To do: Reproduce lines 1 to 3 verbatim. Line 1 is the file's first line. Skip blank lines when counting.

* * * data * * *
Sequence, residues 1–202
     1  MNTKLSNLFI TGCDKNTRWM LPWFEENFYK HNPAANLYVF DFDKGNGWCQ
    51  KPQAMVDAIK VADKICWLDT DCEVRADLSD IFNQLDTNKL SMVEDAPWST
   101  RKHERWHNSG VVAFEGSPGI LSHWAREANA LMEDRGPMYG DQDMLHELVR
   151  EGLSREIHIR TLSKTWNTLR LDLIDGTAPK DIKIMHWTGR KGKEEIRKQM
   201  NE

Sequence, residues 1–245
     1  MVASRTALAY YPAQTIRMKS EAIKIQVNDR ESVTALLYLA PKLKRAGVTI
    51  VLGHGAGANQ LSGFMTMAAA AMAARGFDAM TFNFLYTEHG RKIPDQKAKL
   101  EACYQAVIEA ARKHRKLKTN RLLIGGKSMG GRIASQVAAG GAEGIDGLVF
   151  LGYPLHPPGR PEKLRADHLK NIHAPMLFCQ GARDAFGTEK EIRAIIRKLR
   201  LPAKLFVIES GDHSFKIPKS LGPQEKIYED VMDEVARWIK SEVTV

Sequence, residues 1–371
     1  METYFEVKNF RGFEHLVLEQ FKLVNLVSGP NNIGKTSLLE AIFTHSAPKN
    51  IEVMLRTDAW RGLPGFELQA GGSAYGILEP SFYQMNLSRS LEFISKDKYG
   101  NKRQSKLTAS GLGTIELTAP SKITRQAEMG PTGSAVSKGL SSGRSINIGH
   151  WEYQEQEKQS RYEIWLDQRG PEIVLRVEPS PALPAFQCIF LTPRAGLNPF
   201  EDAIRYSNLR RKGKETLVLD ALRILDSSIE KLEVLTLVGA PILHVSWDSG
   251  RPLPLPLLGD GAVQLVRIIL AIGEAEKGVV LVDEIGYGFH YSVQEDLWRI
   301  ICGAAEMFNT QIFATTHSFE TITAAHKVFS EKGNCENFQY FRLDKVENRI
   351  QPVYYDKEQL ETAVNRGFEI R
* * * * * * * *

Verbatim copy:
Sequence, residues 1–202
     1  MNTKLSNLFI TGCDKNTRWM LPWFEENFYK HNPAANLYVF DFDKGNGWCQ
    51  KPQAMVDAIK VADKICWLDT DCEVRADLSD IFNQLDTNKL SMVEDAPWST